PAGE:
Instead of doing the work I had planned, I spent much of today having a very enjoyable time reading the mystery novel The Newtonian Legacy by particle theorist Nick Evans. A copy is available at his web-site here, and there’s a FAQ about the book here (I pretty much agree with his LHC predictions).
The book is well-done, very entertaining, and a good read that keeps you wanting to know what will happen next. It includes lots of popular-level explanations about particle physics and the ideas particle theorists are studying these days, so it might be an excellent way to introduce someone to these ideas. It is set at a fictional theoretical physics research institute in England, and many of the characters are particle theorists of one stripe or another (string theorists, phenomenologists, lattice gauge theorists).
The novel includes quite a few amusing portrayals of characters embodying the current sociology of particle theory: a postdoc trying to decide whether to write into the Rumor Mill to tell them he is on a short list at a place he’d rather not go to in hopes of getting other places to offer him a job, a lattice gauge theorist who stalks out of a string theorist’s talk in disgust, postdocs comparing the string theory landscape to religion, a self-satisfied American physicist from the West Coast convinced that string theory has the answers to the ultimate questions of science, and quite a few others.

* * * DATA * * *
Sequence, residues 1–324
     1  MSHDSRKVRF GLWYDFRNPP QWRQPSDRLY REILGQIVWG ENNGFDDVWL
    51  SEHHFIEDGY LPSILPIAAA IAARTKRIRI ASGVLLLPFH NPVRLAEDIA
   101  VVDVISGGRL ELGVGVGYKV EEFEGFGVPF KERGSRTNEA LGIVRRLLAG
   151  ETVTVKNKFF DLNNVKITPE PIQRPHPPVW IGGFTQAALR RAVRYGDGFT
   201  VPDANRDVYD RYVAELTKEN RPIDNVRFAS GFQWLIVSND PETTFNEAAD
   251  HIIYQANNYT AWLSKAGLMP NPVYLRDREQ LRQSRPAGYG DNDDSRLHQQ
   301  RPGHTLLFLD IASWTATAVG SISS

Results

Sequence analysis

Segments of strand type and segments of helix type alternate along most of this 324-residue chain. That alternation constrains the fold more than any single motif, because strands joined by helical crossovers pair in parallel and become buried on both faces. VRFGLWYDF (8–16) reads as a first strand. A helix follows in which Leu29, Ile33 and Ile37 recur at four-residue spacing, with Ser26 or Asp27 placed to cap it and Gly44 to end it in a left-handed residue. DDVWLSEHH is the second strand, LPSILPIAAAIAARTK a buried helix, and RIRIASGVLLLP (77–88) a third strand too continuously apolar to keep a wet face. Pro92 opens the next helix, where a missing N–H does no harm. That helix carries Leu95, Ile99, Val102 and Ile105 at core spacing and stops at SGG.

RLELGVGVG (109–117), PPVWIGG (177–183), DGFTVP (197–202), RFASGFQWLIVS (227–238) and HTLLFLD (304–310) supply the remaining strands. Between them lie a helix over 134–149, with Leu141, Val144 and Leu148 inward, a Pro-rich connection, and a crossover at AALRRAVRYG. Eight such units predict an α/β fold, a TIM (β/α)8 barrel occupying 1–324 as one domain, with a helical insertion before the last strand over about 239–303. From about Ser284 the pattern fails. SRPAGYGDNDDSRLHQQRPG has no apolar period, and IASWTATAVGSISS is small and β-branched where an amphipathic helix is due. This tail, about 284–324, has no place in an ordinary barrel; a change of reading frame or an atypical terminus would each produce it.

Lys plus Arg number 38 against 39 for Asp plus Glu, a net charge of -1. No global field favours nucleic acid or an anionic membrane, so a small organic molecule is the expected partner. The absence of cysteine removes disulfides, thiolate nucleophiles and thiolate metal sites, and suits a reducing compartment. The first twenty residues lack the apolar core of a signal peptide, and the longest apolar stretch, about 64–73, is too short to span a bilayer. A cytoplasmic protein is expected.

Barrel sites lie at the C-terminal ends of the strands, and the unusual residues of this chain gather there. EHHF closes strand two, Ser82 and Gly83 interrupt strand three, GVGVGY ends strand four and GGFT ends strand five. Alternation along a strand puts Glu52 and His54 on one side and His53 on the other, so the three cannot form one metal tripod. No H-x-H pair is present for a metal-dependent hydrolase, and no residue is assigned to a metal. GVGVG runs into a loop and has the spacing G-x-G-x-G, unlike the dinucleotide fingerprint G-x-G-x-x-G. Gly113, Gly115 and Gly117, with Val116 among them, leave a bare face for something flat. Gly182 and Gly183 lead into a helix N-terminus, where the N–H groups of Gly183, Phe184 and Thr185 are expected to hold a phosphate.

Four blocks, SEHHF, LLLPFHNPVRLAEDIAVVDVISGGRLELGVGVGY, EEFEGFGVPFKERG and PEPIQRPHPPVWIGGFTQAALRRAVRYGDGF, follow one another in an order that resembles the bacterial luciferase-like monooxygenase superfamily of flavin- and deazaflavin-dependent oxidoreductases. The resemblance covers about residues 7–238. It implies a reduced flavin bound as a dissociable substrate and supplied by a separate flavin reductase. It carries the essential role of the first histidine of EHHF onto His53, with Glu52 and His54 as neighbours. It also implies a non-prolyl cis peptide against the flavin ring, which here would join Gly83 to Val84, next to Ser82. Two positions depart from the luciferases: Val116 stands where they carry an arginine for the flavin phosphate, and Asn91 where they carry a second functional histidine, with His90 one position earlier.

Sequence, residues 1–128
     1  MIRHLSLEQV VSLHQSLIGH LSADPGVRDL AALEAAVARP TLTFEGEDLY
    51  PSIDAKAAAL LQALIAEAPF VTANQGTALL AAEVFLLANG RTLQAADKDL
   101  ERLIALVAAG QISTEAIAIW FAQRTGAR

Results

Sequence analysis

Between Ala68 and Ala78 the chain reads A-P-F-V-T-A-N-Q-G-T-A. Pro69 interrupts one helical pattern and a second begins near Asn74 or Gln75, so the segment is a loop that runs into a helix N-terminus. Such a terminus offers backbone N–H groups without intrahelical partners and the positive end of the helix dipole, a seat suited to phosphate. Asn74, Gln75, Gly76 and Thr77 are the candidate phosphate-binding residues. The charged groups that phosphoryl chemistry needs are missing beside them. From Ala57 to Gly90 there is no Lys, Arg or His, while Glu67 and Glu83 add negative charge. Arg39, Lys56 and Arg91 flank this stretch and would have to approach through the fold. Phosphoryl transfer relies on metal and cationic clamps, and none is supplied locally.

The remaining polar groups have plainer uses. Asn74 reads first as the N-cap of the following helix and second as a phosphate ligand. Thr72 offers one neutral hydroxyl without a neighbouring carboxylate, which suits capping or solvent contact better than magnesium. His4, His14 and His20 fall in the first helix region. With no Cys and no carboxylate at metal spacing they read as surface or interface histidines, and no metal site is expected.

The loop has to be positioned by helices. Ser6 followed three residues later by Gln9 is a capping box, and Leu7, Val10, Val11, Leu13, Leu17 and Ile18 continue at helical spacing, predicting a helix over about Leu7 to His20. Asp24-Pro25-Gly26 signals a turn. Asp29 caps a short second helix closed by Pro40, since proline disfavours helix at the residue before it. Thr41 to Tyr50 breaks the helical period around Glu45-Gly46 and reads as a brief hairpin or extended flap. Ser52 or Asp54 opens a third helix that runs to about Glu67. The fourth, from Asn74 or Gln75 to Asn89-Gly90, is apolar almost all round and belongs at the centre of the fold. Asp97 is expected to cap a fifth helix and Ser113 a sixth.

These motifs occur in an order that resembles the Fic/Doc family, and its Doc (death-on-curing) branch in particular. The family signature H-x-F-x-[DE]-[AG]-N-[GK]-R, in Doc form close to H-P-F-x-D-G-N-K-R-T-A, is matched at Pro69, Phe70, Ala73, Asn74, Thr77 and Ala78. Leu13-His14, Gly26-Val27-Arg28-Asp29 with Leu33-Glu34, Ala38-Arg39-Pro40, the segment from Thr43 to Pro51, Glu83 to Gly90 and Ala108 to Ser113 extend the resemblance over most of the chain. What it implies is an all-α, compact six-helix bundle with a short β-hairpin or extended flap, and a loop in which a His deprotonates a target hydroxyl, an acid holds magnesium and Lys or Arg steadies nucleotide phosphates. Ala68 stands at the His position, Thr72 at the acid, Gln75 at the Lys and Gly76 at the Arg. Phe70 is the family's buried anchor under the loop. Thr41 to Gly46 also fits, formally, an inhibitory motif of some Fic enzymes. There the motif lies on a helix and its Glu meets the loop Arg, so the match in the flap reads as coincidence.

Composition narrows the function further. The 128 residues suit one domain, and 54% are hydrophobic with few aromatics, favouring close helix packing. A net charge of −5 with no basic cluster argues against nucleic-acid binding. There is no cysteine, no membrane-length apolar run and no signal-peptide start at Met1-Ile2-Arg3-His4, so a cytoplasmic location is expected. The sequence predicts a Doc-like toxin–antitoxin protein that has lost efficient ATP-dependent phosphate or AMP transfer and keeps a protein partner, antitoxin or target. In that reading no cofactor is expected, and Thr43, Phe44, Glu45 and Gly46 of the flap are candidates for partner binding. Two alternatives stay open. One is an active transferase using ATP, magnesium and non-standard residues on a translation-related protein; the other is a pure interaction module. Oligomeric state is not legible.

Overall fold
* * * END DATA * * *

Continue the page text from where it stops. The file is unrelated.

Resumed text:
The main character, Carl Vespers, is a particle theorist who, besides getting involved in the investigation of a mysterious death and having people trying to kill him, has to contend with more than one attractive woman throwing themselves at him, tempting him away from his long-distance girlfriend. All in all, a highly accurate portrayal of the life of a typical particle theorist. Highly recommended.